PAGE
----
Medline ® Abstract for Reference 42
of 'Basic principles and technique of electrical cardioversion and defibrillation'
Improved defibrillator waveform safety factor with biphasic waveforms.
Jones JL, Jones RE
Am J Physiol. 1983;245(1):H60.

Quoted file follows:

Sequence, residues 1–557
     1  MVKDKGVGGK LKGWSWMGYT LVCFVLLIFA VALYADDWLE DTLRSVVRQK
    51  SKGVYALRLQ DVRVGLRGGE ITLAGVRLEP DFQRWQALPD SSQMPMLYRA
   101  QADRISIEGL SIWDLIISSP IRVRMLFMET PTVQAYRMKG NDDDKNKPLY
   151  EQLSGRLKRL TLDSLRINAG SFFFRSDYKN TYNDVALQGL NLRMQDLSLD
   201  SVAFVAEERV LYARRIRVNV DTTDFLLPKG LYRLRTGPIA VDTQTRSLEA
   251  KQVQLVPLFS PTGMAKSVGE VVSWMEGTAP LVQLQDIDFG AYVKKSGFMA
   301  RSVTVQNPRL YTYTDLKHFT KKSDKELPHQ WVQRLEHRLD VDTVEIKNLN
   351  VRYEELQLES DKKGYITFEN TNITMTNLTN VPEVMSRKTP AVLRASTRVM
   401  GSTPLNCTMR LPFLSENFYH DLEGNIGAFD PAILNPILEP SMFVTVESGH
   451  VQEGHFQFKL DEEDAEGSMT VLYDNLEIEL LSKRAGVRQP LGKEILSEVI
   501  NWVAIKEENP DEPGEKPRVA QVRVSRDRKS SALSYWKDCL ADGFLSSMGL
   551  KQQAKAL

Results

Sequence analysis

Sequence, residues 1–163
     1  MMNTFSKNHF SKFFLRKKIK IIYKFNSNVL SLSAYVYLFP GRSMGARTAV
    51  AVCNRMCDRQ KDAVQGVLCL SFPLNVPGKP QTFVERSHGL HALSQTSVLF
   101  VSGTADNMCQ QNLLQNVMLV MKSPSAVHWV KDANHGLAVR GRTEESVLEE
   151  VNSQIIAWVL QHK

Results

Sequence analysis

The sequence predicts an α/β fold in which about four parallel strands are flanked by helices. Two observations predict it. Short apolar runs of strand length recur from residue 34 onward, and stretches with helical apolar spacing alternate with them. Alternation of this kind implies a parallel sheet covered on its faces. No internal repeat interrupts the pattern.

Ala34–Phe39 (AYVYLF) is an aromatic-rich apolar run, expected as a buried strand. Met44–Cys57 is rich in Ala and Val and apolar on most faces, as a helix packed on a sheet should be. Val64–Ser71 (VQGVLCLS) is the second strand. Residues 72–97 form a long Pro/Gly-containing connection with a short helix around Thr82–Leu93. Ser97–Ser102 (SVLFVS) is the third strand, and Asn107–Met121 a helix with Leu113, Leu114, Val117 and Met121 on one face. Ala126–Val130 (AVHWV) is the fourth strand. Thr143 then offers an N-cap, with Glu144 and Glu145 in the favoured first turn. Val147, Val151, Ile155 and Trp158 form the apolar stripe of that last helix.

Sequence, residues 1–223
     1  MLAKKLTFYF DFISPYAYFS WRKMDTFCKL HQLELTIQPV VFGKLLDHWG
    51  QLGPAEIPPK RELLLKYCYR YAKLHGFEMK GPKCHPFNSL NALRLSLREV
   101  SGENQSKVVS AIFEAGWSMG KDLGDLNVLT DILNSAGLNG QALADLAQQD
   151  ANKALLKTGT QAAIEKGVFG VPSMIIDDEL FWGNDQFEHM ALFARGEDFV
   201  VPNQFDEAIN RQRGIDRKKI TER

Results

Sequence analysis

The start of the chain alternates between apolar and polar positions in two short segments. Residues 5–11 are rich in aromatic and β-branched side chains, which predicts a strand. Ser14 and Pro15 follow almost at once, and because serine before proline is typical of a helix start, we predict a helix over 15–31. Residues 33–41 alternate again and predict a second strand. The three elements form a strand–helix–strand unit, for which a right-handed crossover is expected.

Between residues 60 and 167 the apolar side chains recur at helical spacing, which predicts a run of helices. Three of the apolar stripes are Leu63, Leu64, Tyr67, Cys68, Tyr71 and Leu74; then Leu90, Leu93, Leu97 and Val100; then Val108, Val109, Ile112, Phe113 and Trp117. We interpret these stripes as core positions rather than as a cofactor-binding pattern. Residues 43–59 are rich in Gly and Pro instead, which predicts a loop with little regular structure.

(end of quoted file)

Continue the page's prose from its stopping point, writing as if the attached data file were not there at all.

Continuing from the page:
Excitation thresholds and arrhythmias were studied in "adult-type" cultured chick embryo myocardial cells after electric field stimulation with biphasic, truncated, and rectified underdamped RLC (resistance-inductance-capacitance) type waveforms, to test the hypothesis that the negative phase of biphasic waveforms ameliorates membrane dysfunction induced by the initial positive portion. Photocell mechanograms and intracellular microelectrodes monitored extrasystoles and depolarization-induced arrhythmias. Rectifying or truncating biphasic waveforms did not alter the excitation threshold. However, shock intensities producing specific postshock arrhythmias or a specific severity of postshock prolonged depolarization differed significantly when biphasic waveforms were truncated or rectified. The voltage gradient producing a specific dysfunction was 12-14% lower for the truncated version than for the biphasic; that for the rectified version was 17-27% lower than for the biphasic version (although both contained the same energy). Safety factor, the ratio between shock intensity producing specific dysfunction and that producing excitation, was determined for each waveform. Biphasic waveforms had larger safety factors than truncated or rectified waveforms. Since safety factor, as measured in cultured myocardial cells, closely corresponds with in situ defibrillating effectiveness (14), the significantly higher safety factors of biphasic waveforms suggest that carefully shaped biphasic waveforms might improve the efficacy and safety of cardiac defibrillation procedures.